Emory Report

February 2, 1998

 Volume 50, No. 19

Gunderson's new book gets
to roots of community health

The recurring theme of roots in Gary Gunderson's writing stems from his belief that pushing to the root of issues ensures the greatest revelation.

Gunderson, director of the Interfaith Health Program at The Carter Center, has written the book Deeply Woven Roots: Improving the Quality of Life in Your Community, which is not-so-coincidentally similar in name to his 1978 master's thesis at the Candler School, "The Roots of Hunger: Implications for the Church." "I've always been interested in holding people of faith accountable to their full capacities to respond to the clearest understanding of the problems of the world," he said.

Deeply Woven Roots explores the role of religious groups in strengthening the roots of community. It draws on models discovered in the Interfaith Health Program, which works closely with religious groups, hospitals and public health organizations throughout the United States. "What we're trying to do in our program is move beyond cheerleading to get churches, synagogues and mosques to do more and push to the root of issues," Gunderson said.

"New patterns of collaboration emerging among social institutions-including government, religious, private, voluntary and for-profit organizations-reflect deep and enduring shifts in social currents. But you can't just run out a wish list of [government and industry] services for congregations to take care of. We begin with what the enduring strengths of congregations are and build from there."

Eight of the book's nine chapter titles begin with the word "strength," which Gunderson hopes to provide readers through real, sometimes personal, experience and insight. These strengths-the power to accompany or connect, for example-are channeled through immediate programs of caregiving or service but may adapt over time to many other community needs. The underlying strengths endure, but the programs stemming from them can change quite radically, Gunderson explained. "The smarter we are about the root strengths [of congregations], the more likely it is that our programs will be effective and sustainable.

"It's obvious I speak from a Christian tone of voice," he added. "But the congregational strengths are common to all faiths." His work with the Interfaith Health Program helped Gunderson learn that "on the streets it's clear the real contest is not between different faiths, but between those with faith and those in despair."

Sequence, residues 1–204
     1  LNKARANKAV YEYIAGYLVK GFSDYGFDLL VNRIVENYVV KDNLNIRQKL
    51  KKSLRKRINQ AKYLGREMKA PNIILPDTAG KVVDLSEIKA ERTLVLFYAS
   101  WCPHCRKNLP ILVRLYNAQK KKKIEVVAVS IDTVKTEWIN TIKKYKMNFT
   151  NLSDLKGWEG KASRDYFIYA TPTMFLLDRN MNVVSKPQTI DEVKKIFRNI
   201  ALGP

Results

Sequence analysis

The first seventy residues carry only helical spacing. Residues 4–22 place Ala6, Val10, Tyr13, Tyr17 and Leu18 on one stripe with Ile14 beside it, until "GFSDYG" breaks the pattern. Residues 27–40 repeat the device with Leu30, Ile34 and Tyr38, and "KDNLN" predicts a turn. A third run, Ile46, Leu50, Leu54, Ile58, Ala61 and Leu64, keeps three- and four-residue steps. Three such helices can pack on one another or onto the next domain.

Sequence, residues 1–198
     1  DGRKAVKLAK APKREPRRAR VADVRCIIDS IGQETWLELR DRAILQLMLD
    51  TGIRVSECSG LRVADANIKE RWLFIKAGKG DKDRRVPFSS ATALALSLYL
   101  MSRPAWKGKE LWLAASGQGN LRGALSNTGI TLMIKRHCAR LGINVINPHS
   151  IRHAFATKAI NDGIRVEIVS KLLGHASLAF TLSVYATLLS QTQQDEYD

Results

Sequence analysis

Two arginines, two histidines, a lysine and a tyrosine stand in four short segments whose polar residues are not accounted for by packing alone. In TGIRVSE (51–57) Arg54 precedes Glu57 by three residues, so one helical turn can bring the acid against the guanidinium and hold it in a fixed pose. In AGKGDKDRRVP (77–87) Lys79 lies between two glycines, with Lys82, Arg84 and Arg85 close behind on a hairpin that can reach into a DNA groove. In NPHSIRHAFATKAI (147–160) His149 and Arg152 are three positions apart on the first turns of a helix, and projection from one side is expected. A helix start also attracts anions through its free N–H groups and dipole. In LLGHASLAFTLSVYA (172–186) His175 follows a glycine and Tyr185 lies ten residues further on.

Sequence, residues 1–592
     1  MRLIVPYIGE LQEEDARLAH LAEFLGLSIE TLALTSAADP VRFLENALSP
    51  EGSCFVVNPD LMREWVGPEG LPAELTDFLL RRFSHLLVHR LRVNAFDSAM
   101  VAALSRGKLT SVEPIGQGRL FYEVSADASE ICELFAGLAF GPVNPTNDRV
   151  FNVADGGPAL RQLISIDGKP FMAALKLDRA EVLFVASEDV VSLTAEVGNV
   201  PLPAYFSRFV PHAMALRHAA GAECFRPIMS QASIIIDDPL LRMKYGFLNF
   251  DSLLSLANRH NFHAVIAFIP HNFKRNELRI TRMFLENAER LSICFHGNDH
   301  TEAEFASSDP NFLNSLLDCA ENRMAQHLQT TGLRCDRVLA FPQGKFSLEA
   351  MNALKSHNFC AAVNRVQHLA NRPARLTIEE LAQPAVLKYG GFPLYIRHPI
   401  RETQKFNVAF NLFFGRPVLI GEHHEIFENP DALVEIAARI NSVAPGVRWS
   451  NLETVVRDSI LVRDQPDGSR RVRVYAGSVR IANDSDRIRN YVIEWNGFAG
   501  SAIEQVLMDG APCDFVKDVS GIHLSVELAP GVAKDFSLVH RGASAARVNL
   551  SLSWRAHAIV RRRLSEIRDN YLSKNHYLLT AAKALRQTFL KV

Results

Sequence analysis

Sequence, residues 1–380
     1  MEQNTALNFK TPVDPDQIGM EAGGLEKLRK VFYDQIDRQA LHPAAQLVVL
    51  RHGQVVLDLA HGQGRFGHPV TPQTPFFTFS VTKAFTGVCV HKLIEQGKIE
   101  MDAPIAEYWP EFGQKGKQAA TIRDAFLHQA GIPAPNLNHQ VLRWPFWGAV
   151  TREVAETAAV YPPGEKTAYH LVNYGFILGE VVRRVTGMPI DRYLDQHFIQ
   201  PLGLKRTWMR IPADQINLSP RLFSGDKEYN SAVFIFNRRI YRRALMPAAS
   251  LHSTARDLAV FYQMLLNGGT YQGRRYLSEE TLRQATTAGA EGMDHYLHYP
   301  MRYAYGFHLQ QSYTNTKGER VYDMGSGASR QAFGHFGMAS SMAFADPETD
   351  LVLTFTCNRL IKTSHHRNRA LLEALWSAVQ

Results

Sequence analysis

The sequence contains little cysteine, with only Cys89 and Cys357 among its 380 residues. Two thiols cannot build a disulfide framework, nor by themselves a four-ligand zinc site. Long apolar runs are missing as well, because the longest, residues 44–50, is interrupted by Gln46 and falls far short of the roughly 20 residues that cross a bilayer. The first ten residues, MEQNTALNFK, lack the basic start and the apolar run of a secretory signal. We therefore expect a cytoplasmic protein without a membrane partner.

Gunderson didn't always find it easy to sandwich writing between his administrative duties and a heavy lecture schedule, but the latter often worked to his advantage. Gunderson used his lectures to audiences and congregations of vastly different socioeconomic levels and racial and ethnic backgrounds to test the book's hypotheses. "I found this framework helped [congregation] leaders recognize their own strengths-often when they only saw problems and weakness. So it seemed important to get it out in book form."

About 10 percent of congregations repeatedly do what Gunderson calls the "heavy lifting" of community work. Nationally, this means about 30,000 religious communities form the core of what Gunderson calls the "faith and health movement."

"Deeply Woven Roots is not spun out of imaginary thread," he noted, "but grew out of my attempt to describe and understand the enormous strength this key minority of congregations demonstrates decade after decade."

Early sales of the book are encouraging. It will be used in courses around the country, Gunderson reported, including two at Emory this spring. He hopes the book also will expand the reach of the Interfaith Health Program. "I've heard that if you want to make a short-term impact, you sell an answer. If you want to make an enduring contribution, sell your question. There are signs everywhere that people of faith are asking the right questions and finding their strengths."

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